Our review found greater ambiguity about ownership in theory than in the empirical literature. In the debate over the effects of competition, theory suggests that ownership may matter and if so, that private firms will outperform SOEs. The empirical studies squarely favor private ownership in competitive markets. Theory’s ambiguity about ownership in monopoly markets seems better justified, since the empirical literature is also less conclusive about the effects of ownership in such markets. Theories that assume a welfare maximizing government suggest that SOEs can correct market failures. In contrast, public choice theories are skeptical of the benevolent government model. Corporate governance theories suggest that even well intentioned governments may not be able to assure that SOE managers do their bidding. The empirical literature favors those skeptical of SOEs as a tool to address market failures. In studies of industrialized countries, where we might expect more developed political markets to motivate greater government concern with welfare maximization or better information and incentives to overcome corporate governance problems, private firms still have an advantage. The private advantage is more pronounced in developing countries, where market failures are more likely.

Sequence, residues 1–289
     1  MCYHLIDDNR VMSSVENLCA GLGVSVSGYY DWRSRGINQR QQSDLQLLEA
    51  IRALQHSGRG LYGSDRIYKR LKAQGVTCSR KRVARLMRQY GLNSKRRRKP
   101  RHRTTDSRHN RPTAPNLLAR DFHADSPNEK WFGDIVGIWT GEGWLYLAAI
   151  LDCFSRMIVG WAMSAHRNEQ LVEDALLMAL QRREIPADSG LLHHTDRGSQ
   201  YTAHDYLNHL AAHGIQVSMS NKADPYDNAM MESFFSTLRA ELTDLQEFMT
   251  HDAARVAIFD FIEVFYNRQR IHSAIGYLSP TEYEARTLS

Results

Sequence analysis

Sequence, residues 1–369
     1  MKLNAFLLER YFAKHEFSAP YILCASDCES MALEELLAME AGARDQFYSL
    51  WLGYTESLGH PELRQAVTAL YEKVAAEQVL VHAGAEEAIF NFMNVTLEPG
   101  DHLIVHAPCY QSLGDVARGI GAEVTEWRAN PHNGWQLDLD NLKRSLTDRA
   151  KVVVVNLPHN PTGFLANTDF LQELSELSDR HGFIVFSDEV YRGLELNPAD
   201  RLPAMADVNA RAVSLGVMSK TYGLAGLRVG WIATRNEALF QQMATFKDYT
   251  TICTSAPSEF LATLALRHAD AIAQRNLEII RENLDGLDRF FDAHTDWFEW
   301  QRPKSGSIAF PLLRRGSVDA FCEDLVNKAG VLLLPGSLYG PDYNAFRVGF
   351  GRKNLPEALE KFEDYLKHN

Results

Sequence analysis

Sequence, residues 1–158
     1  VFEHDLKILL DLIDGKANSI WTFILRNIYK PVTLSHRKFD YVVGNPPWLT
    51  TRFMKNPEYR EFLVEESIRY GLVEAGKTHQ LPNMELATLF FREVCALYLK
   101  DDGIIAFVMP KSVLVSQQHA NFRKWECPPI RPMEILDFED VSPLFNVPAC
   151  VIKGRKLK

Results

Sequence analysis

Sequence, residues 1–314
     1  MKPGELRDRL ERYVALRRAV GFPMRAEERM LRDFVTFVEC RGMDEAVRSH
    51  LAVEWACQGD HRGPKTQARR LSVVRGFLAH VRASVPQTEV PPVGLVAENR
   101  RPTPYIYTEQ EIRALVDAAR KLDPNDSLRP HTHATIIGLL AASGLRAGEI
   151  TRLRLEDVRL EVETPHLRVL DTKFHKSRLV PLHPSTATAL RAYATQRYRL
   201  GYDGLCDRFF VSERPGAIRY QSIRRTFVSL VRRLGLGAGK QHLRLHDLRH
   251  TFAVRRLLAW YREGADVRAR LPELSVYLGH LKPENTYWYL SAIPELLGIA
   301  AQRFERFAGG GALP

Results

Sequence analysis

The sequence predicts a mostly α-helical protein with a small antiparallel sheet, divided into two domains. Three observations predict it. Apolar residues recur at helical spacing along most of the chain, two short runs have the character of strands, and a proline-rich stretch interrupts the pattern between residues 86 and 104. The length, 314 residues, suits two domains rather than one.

The kinds of problems that mixed forms of ownership can bring can been seen from the New Zealand experience with the SOEs. While many are not in actual mixed ownership, the pressures that such ownership can bring about can, nevertheless, be seen in our recent history with the SOEs.

The SOE Act states that SOEs, basically, have to be run like normal non-government owned firms. In effect this requirement is the same as you could get if private owners have a stake in a firm. The private owners would, we assume, wish to maximise profits, but the government may not. And you see this with SOEs. The government often wishes to intervene in the running of SOEs to get them to carry out non-profit maximising activities, just as it would if it had a partial stake in a mixed ownership firm.

This problem of having SOEs (or mixed ownership firms) trying to serve two masters was noted more than 10 years ago by Spicer, Emanuel and Powell in their book "Transforming Government Enterprises: Managing Radical Organisational Change in Deregulated Environments" (The Centre for Independent Studies, 1996). They warned that there are two pressures on SOE's: the first being towards privatisation since the productivity and efficiency gains achieved by SOE are in danger of being eroded over time. Privatisation is a way of both cementing in the commercial orientation of enterprises and wringing out further gains resulting from the high powered incentive and control mechanisms which can be bought to bear in privately owned and publicly traded companies. The second pressure on SOEs is towards being pulled back into the public sector where social and political objectives can be more readily be meet. Most interventions seem to be more politically motivated.